Increasingly strict emission targets are encouraging cities to introduce new and more environmentally friendly transport, particularly electric buses. This is fueling electric vehicle innovation which will positively impact air quality and reshape the cities of tomorrow.
To better understand the opportunities and challenges this presents, infrastructure experts, academics, futurologists and transport policy leaders will gather to debate a vision of future city transport at Volvo Group’s Innovation Summit taking place 16th May in London.
Leading up to the event Volvo Buses conducted a survey with over 2000 UK adults (figures have been weighted and are representative of all GB adults, aged 18+). Some of the key findings include the following:
One out of every nine deaths worldwide results from air pollution
It is estimated that long-term exposure to air pollution is responsible for the premature deaths of more than 16,000 people in the UK - 9,000 in London alone. Across the world, one out of every nine deaths results from air pollution. Curbing vehicle-use is a global trend intended to reduce this number.
The introduction of initiatives such as ‘Ultra Low Emission Zones’ targets the worst offending vehicles, particularly those with diesel engines. Indeed, 35%* of UK adults feel creating "clean air zones", where vehicles that produce a certain amount of pollution pay a fee (e.g. a ‘clear air’ charge) should be extended as a policy to further improve air quality. This has led to a surge in interest for sustainable public transport whilst also increasing the need for public/private sector partnerships. As the adoption of electric buses will require infrastructure improvements, Volvo believes local transport authorities and bus manufacturers need to further this collaboration moving forward.
While the London Underground attracts more attention, nearly twice as many passenger journeys are made on London's buses, with nearly 2.4 billion journeys every year***. This number is expected to rise in the coming years not only in London but globally as urbanization continues unabated. In the UK capital, a significant investment in hybrid buses in recent years has contributed to improve air quality. In Oxford Street, one of London’s most polluted streets, toxic air levels have dropped by a third in just twelve months****.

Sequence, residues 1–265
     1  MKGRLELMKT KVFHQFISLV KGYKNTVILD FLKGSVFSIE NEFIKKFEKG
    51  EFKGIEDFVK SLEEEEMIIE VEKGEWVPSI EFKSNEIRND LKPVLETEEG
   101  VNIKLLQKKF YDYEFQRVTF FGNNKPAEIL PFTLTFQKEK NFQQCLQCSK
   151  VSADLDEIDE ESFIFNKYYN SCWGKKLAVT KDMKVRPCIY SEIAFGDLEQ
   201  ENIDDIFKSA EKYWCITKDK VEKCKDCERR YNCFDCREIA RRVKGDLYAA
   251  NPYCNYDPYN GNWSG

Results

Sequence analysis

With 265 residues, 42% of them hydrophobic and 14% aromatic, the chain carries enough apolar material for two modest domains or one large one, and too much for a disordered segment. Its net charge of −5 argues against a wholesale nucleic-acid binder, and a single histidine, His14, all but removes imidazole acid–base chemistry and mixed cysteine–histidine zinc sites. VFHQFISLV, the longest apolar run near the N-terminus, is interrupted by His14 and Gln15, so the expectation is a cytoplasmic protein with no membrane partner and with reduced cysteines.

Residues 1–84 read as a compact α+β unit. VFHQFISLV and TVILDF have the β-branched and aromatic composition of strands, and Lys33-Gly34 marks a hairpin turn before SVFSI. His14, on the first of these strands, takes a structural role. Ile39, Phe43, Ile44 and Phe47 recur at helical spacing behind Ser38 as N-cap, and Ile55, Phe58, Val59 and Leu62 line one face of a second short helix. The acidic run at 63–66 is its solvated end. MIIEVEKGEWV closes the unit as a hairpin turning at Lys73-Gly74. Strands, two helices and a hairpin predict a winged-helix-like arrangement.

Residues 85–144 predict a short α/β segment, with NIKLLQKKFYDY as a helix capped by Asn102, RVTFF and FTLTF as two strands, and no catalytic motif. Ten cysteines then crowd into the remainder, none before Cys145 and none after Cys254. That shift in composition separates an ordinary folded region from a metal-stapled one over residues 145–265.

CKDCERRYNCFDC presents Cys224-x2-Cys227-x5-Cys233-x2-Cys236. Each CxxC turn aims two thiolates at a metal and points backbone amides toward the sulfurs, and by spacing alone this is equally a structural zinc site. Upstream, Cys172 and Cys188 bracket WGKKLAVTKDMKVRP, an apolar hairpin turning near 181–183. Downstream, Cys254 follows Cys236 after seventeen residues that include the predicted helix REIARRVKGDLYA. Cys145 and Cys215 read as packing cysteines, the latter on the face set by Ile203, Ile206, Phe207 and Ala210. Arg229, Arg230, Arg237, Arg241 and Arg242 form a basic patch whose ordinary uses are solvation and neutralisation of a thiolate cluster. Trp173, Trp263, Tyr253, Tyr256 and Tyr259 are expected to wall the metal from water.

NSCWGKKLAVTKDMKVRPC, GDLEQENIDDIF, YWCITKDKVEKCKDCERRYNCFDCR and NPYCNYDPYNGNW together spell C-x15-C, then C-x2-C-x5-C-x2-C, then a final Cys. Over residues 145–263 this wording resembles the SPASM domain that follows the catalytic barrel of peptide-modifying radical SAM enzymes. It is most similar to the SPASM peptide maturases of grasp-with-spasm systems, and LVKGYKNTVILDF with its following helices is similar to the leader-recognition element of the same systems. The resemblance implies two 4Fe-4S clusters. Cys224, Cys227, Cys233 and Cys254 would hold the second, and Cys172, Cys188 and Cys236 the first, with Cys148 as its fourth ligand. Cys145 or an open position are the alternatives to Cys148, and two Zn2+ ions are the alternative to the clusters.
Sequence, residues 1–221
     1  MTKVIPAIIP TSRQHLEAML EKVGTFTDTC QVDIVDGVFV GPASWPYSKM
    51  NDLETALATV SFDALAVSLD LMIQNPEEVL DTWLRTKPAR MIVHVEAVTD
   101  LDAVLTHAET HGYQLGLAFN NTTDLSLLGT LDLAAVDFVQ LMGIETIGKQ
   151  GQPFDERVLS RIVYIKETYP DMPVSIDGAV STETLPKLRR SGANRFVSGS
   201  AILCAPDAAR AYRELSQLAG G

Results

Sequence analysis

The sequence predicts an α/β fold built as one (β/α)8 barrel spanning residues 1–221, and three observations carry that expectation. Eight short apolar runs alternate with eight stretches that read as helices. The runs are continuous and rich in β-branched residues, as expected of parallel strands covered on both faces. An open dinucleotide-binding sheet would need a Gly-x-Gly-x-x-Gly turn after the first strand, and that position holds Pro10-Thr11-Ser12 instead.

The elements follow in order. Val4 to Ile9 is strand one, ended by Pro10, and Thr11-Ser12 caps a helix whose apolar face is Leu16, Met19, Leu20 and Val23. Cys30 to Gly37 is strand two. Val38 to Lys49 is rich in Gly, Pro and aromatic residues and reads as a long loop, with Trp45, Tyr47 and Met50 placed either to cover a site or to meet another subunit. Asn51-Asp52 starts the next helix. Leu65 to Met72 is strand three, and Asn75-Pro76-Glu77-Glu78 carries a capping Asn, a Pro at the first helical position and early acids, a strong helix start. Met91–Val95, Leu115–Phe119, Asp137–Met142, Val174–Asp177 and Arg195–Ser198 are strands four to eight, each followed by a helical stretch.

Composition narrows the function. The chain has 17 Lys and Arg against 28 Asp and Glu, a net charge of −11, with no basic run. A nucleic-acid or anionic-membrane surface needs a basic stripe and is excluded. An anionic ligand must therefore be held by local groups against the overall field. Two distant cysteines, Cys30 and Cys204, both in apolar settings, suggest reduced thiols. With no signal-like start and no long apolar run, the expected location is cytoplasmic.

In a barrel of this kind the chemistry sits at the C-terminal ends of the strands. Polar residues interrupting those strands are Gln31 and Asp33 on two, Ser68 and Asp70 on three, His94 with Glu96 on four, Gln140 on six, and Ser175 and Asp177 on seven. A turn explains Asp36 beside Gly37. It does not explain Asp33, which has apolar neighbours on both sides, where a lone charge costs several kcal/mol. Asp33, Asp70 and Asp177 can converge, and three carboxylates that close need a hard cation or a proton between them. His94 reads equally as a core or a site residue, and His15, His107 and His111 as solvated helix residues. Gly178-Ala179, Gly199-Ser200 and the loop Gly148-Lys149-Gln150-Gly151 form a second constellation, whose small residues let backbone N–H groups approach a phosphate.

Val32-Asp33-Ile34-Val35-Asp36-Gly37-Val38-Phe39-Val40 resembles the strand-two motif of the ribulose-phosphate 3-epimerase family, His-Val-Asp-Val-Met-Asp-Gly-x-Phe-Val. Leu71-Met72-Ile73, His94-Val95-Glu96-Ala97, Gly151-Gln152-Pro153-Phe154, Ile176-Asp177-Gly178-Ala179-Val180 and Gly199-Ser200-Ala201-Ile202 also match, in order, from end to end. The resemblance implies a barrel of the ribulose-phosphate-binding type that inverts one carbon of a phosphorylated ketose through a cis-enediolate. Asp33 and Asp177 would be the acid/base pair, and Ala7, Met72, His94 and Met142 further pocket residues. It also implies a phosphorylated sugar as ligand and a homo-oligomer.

Further advances in technology mean that other options are now available to further electrify city bus fleets. These include 'plug-in-hybrid' and pure electric buses which reduce CO2 emissions by 47-100%, eliminate noise and reduce NOx (Nitrogen Oxides) and particulate emissions by 99-100% when compared to conventional buses.
Ulf Magnusson, SVP Business Region Europe at Volvo Buses said: “We believe electric bus systems are the future of urban public transport, as environmentally clean and comfortable as a tram or light rail, but at a fraction of the overall cost. As major cities look to improve air quality, reduce noise and future-proof its public transport, electric bus systems have great potential to be part of the solution.”
"What these results show is that the implementation of cleaner air practices and infrastructure is a priority for the public; key to this is the fundamental support from government level.”
Reduced emissions and noise levels coupled with advances in autonomous vehicles will also open up significant innovations including indoor bus stops, or even bus stops placed within residential or commercial buildings such as shopping centers. This opens up new possibilities for city planning.
Learn more about Volvo Buses offerings for city transportation here: http://www.volvobuses.com/en-en/our-offering/buses.html
Total sample size of the survey was 2,051 adults. Fieldwork was undertaken 9th - 10th May 2017. The survey was carried out online. The figures have been weighted and are representative of all GB adults (aged 18+).
* Source: Volvo Buses poll of 2000 people in the UK, 9th May 2017
** Source: The Times, 27th September 2016
*** Source: TfL annual report 2015 1.3 billion passenger journeys were made on London Underground in 2014/15 while 2.4 billion passenger journeys were made on London's buses
**** Source: The Evening Standard, 16th January 2017